The characters are pretty shallow and self-centered - but superbly observed and layered. Apart from Chéri, most significant characters are women, and mostly old women, as Chéri increasingly finds comfort in their company. The interactions, the dialogue are both petty and genius at the same time, the characters unfold through their words, expressions, movements. The atmosphere is decadent, feminine, sensual, and declining, showing a glory of a bygone era and beauty.

To be honest, the story does not really matter. I could just get lost in the writing. This was the most I enjoyed just prose flowing effortlessly, languishing, but never boring or difficult. I loved it, and will be reading more of her work. ( )
  Gezemice | Oct 29, 2018 |
cheri the rough guide to classic novels.
  mahallett | Sep 29, 2018 |
What is it with me and anthologies all of the sudden? At least this is only two books. After the Philip K. Dick anthology I was struggling with feelings of degradation and oppression. I needed something that was the opposite of dystopian American sci-fi, and what better could I find on my shelves than classical French literature by a female author? Plus, it is on my TBR pile challenge list, so extra points!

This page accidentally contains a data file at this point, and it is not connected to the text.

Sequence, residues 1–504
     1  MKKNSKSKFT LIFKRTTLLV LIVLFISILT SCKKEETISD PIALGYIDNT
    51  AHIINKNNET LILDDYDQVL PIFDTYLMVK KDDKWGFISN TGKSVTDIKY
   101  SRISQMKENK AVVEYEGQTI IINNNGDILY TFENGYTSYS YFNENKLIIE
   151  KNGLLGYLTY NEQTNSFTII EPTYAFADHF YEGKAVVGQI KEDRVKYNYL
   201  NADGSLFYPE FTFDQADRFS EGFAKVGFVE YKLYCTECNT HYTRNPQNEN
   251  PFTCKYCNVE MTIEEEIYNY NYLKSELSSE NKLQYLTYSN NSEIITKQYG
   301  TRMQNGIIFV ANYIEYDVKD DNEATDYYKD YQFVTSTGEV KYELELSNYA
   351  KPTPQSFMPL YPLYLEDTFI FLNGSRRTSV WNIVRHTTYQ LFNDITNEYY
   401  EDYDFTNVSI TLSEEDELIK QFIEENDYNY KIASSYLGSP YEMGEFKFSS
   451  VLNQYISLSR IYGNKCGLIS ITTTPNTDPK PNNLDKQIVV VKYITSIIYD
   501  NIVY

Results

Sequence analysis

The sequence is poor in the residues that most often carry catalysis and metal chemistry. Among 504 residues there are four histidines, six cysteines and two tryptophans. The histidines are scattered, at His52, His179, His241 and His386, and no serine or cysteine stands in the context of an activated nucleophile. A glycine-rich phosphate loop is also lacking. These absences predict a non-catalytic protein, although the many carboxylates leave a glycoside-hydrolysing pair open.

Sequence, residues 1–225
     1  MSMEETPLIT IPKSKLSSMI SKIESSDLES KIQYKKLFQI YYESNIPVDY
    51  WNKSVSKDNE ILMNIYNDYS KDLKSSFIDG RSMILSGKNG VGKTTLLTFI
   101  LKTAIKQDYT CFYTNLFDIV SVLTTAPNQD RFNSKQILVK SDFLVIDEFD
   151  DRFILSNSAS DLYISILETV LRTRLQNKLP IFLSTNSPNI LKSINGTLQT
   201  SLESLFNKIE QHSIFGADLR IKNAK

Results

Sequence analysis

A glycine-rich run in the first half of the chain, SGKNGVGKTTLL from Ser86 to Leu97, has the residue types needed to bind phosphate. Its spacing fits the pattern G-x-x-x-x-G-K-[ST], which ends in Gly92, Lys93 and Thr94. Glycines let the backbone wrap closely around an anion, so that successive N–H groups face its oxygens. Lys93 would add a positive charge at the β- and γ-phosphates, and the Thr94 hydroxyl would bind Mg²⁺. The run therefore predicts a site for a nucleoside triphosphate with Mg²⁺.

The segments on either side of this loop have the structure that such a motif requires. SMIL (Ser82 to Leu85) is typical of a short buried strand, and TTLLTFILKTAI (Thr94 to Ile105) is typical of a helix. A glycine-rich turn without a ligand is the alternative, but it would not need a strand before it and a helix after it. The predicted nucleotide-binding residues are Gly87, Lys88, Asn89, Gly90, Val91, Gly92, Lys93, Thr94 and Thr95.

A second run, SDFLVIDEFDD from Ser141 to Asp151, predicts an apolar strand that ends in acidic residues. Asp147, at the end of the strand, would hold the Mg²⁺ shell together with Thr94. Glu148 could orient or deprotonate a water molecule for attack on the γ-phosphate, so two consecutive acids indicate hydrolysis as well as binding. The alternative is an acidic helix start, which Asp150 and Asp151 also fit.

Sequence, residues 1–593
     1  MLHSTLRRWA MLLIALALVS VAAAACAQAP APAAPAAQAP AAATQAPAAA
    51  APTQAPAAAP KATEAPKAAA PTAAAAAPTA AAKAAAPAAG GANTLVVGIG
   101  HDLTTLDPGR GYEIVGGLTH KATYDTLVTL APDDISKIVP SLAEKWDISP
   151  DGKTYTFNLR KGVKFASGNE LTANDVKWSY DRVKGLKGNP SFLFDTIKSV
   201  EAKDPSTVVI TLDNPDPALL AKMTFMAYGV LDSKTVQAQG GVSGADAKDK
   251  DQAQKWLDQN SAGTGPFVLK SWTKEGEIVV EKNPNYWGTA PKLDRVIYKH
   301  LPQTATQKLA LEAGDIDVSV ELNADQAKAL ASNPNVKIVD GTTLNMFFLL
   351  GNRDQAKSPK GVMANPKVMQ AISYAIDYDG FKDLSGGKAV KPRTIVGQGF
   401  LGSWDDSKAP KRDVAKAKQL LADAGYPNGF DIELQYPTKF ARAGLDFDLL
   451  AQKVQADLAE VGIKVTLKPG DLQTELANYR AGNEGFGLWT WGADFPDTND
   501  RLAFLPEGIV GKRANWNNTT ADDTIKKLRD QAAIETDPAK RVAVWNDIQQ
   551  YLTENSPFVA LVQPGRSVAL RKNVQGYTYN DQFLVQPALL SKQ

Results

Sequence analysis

I must admit my interest was piqued by watching previews for the movie version of Cheri (which I have not yet seen, but want to!) And that preview meant that I could hardly imagine any face but Michelle Pfeifer's for Lea, but what a perfect face to have in mind!

Alright, I really had all of these thoughts that I wanted to assemble about how many wildly glamorous or cutthroat books were written about courtesans before this book wrote about the lives of aging courtesans, and how they might fight to hold onto their power, or not, and how growing up amongst women who had experienced the world in that way would affect a young man. But after sitting with my journal, staring off into space for ages without those thoughts ever coming together, I finally decided to abandon them and move on.

Both books, Cheri and The Last of Cheri were beautifully written and thoroughly entrancing. After reading the first book entirely from the point of view of Lea, it was fascinating in the second to get into Cheri's head. Though I do still wish I could have ever understood what Cheri's wife was thinking.